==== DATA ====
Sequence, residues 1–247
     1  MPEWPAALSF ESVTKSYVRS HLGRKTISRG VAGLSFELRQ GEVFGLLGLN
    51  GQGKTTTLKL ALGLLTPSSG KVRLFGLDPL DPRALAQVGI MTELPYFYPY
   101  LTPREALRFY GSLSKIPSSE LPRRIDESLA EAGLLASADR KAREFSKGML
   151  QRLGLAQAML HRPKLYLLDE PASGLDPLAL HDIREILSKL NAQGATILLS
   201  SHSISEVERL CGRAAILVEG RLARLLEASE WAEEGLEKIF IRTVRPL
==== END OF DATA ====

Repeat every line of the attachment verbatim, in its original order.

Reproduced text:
Sequence, residues 1–247
     1  MPEWPAALSF ESVTKSYVRS HLGRKTISRG VAGLSFELRQ GEVFGLLGLN
    51  GQGKTTTLKL ALGLLTPSSG KVRLFGLDPL DPRALAQVGI MTELPYFYPY
   101  LTPREALRFY GSLSKIPSSE LPRRIDESLA EAGLLASADR KAREFSKGML
   151  QRLGLAQAML HRPKLYLLDE PASGLDPLAL HDIREILSKL NAQGATILLS
   201  SHSISEVERL CGRAAILVEG RLARLLEASE WAEEGLEKIF IRTVRPL